Employee engagement is a hot topic, and rightly so. With unemployment rates low, employers are not only finding it difficult to attract quality applicants; they are also looking for innovative ways to engage and retain their current workforce. Incentives and employee appreciation events are nice, but they are not focused on individual employee development. In fact, even the most incentivized employee may leave a company if they do not believe advancement is available to them. As a result, coaching is integral to the success of employees and the organization they work for. When done well, coaching helps employees reach their full potential.
What Is Professional Coaching?
It’s important to recognize that professional coaching is nothing like what you find in sports. The two are not synonymous, but when asked what defines coaching, many turn to memories of a team sport. There are distinct differences among coaching, mentoring and training. Sports coaching takes on the mentoring and training role far more than it does the coaching role we see in the corporate world.
Training is transferring knowledge and teaching the skills needed to successfully carry out a job. Training leads to competencies and has the specific goal of improving the capabilities, capacity, productivity and performance of an employee.
Mentoring is a relationship between an experienced individual and someone with less knowledge. The knowledgeable mentor provides guidance and advice, sharing his or her knowledge, skills and experience to assist the mentee’s professional development.
Coaching focuses on helping an employee unlock his or her personal potential. It enhances knowledge by staying curious and asking thought-provoking questions. Professional coaching is about progress — making someone better at his or her job and its required tasks.
The Importance of Curiosity
Leaders who embrace coaching understand its importance in employee engagement and productivity. Professional coaching is not about telling but, rather, stimulating conversation from a place of curiosity. It is the coach’s curiosity that helps the coachee recognize how capable and competent he or she is.
Curiosity drives our need to learn. We are an inquisitive species by nature, and our curiosity helps us grow in meaningful and significant ways. Coaching from curiosity is focused on the growth of the coachee, who is challenged to think abstractly. Curious coaches ask questions to understand perspective, not to give advice — that is mentoring. They help the people they coach see another way.
Coaching from curiosity is simple in theory but difficult in practice, mainly because leaders are so quick to go to their comfort zone: advice. When these leaders are presented with a situation, they provide quick solutions so they can quickly move on to the next situation. In some circumstances, advice is what the coachee needs, but it allows little opportunity for growth.
Shifting from advice to curiosity transforms the leader into a coach who, instead of saying, “Do this” or, “Have you tried that?” is aware that the employee is capable (even when the employee doesn’t believe in his or her own abilities) of coming to a satisfactory solution. When the coach is curious, the coachee’s ideas have room to grow.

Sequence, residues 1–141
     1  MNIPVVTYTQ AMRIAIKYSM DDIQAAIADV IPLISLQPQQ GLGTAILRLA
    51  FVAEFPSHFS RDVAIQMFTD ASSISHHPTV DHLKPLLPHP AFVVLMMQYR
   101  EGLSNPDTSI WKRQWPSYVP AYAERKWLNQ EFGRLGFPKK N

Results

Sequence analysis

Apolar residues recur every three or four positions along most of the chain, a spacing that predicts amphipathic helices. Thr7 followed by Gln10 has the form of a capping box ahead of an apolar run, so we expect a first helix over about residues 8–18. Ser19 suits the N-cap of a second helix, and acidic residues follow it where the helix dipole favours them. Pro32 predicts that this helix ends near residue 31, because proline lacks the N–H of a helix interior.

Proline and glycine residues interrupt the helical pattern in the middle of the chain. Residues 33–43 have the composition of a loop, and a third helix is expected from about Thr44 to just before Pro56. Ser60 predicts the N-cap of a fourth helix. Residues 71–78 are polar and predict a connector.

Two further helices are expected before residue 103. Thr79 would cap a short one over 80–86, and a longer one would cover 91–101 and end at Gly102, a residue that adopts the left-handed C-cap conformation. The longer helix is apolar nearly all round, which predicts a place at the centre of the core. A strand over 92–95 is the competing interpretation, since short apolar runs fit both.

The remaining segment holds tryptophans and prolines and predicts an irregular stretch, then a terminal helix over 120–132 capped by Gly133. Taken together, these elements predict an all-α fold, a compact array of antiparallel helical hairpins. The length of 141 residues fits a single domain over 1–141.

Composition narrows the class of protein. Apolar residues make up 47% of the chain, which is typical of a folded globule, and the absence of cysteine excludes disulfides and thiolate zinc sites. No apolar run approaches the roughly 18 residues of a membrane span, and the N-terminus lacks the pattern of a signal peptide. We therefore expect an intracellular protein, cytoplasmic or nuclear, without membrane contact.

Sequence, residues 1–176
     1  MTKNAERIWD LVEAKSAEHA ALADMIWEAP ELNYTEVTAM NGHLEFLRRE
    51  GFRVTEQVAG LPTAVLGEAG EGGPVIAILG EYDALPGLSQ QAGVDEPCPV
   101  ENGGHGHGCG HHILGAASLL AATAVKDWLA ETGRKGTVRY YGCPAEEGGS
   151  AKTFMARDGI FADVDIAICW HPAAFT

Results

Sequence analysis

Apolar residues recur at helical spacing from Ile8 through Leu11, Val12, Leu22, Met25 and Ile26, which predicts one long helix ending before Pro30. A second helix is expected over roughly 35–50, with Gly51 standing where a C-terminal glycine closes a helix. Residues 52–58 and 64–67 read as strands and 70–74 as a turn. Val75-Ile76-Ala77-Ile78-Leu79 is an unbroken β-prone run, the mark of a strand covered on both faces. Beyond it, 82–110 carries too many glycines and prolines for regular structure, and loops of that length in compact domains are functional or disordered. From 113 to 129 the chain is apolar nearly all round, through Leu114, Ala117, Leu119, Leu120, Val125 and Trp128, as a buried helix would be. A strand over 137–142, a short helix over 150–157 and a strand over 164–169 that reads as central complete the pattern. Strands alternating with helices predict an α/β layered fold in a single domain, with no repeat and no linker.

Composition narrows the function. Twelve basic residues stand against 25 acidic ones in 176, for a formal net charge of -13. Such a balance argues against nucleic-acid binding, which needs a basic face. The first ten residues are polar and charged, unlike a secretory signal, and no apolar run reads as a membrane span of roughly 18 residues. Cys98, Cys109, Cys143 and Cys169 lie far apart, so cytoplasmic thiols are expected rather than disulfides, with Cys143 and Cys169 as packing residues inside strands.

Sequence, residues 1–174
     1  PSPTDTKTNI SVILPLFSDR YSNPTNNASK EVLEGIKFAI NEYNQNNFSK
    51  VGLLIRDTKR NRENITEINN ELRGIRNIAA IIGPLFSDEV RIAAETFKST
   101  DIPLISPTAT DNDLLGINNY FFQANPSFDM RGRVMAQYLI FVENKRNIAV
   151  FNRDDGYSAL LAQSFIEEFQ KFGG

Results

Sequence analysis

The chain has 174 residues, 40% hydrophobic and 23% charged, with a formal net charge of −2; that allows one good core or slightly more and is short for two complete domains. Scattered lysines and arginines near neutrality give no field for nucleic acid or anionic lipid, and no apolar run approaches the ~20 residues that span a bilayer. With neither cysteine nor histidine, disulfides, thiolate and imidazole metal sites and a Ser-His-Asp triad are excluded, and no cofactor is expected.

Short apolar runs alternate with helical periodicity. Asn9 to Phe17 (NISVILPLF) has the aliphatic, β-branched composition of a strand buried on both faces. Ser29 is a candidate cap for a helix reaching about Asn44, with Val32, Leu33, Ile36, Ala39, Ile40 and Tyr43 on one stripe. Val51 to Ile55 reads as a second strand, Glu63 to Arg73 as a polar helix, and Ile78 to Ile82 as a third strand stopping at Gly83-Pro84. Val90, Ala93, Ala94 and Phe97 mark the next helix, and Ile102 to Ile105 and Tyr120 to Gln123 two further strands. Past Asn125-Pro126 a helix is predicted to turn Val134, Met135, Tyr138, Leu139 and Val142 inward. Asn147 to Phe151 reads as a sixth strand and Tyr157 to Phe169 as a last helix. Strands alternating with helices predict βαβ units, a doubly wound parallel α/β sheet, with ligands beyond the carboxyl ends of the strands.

In his book “The Coaching Habit,” Michael Bungay Stanier describes a plan, based on research and his own trial and error, to help leaders develop the tools they need to successfully coach their team members. The natural side effect, according to Stanier, is that learning new coaching habits will also make the leader’s job easier.
The problem is that for so long, we have been led to believe that coaching is what happens when we provide critical feedback or when we give someone a thumbs-up for a job well done. Although delivering critical feedback and praise is important to the success of individual employees and team performance, those activities are not coaching.
Coaching happens when the conversation shifts from the leader’s perspective to the viewpoint of the coachee and what that person believes he or she needs and can achieve. Stanier outlines seven powerful questions designed to drive successful coaching conversations, moving the interaction away from what the leader thinks should happen to what the coachee believes he or she can accomplish.
Make no mistake: Coaches may find themselves needing to direct the conversation — but they should do so only until the employee begins to open up and voice his or her potential. Then, the coach should listen.
The Impact of a Coaching Culture
In his book “The People Principle,” Ron Willingham suggests that coaching inspires employees to do and to be more. Leaders who embrace coaching see marked improvements in employee productivity and overall organizational performance. Furthermore, Willingham asserts, coaching produces results far beyond increased profitability: It inspires people to step away from self-imposed limitations and realize their true potential.
Implementing coaching is a cultural change requiring buy-in from organizational leadership. Creating a coaching culture takes time, and you may not see the fruits of your labor right away. However, committing to consistently coaching direct reports will pay off in the long run — not just through increased profitability and market share but through a highly engaged workforce that drives the overall success of your organization.
A coaching culture will likely prove to be the best incentive you could provide your direct reports. Coaching empowers employees far beyond any monetary reward, cultivating an engaged and loyal workforce committed to achieving strategic objectives.